An average student in Indiana may have lost the equivalent of more than one year of learning during the pandemic’s first months when school buildings closed, according to one of the first studies projecting the coronavirus' impact on student academics.
The 19-state study found the average student lost between 57 to 183 days of learning in reading and from 136 to 232 days of learning in math. But in Indiana, where a school year is 180 days, the learning loss was higher than average.
Stanford University's Center for Research on Education Outcomes (CREDO) based its study on an analysis that projects learning loss, similar to the type of academic decline known as the “summer slide” students face in the months between academic years.
“There is no dispute that the coronavirus pandemic slammed educators and policy makers with a herculean task of pivoting from classroom-based instruction” to virtual and other remote options, Macke Raymond, the director of CREDO, wrote in the study. “At the same time, there is no dispute that the amount and quality of learning that has occurred since school buildings were closed has been deeply inferior.”
Macke, in the report, describes the findings as “chilling” for the amount of learning loss students may have lost and future academic declines due to how schools offer instruction this fall.
CREDO’s study is based on recent years of student test scores for all traditional public and charter schools. Researchers also factored in metrics about each school, such as students’ family income, enrollment of students with special needs and learning English as a second language.
Researchers used this data to estimate the learning loss because current academic data is not available. The U.S. Education Department granted waivers to all states in the spring for academic assessments due to the pandemic.
In Indiana, CREDO estimates the average student lost an estimated 209 days in math. That’s more than a full school year. The range of learning loss for students in reading -- based on students' past test scores and school metrics -- is 112 to 406 days.
For reading skills, the average student may have lost 130 days. The range of learning loss for Hoosier students in reading is 4 to 332 days, according to the study.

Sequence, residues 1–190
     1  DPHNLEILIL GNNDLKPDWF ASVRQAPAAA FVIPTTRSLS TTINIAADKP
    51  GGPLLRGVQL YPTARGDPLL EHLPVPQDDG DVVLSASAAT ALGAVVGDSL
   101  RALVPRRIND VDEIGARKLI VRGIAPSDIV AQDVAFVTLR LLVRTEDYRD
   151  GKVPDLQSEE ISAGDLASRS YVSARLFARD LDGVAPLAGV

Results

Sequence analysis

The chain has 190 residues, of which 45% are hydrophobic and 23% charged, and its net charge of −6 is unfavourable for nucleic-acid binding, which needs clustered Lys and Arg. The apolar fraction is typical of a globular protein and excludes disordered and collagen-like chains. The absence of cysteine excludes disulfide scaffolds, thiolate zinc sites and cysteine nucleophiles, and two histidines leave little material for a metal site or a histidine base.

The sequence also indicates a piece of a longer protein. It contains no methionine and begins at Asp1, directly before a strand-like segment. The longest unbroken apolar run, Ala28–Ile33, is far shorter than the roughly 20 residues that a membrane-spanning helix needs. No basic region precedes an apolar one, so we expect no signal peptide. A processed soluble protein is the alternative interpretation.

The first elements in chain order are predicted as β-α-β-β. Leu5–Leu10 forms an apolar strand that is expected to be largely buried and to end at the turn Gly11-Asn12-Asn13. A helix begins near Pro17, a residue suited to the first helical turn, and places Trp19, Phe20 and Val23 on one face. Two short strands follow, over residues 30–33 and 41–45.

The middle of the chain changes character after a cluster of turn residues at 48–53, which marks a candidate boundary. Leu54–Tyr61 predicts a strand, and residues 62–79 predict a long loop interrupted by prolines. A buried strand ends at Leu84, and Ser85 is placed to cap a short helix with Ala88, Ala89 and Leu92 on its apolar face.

The vast range in learning loss, Raymond said in an interview with WFYI News, is due to the “huge drift, a huge range in school quality” and other factors such as poverty.
For example, at Indianapolis Public Schools 68 percent of students qualify for free or reduced meals and 21 percent are English language learners. Just north in Hamilton County, the Carmel Clay School District has 10.5 percent of students who qualify for meals and less than 5 percent are learning English.
Hardy Murphy, a clinical professor of educational leadership at Indiana University School of Education at IUPUI, said the study's method appears valid as no current test scores are available.
“It may, in fact, underestimate the amount of learning loss because school closures due to the pandemic may include a traumatic reaction that is not quantifiable with this data,” Murphy said.
Murphy points to impacts not yet measured, such as the lack of internet access for low-income or rural families and general support within a community to aid students.
“Additionally, there will be a difference related to income in the parental supervision and monitoring of distance learning," Murphy told WFYI. "Finally, students from low income backgrounds of color will be more likely to come from homes and communities hardest hit by the pandemic.”
Some have questioned CREDO’s estimates.
Constance Lindsay, a professor at the University of North Carolina School of Education, told Chalkbeat it seemed hard to believe that a student lost a year of learning during a few months.
“You lost 180 days. What does that mean — you have to repeat a whole grade?” Lindsay said. “That seems kind of ridiculous.”
The Indiana Department of Education provided data for the study but had not yet absorbed all the findings, spokesman Adam Baker said.
"However, I can say is we are not only aware COVID is affecting student learning, but also this global pandemic is having a distinct effect on different communities," Baker said in a statement. "And while the extent of COVID’s effect has not yet been fully realized, by working closely with teachers, administrators, and parents to provide support, guidance, resources, and even professional development, we look to mitigate any loss of learning and overcome any inequity, so every student has an opportunity for academic success."
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The study Estimates of Learning Loss in the 2019-2020 School Year is available here.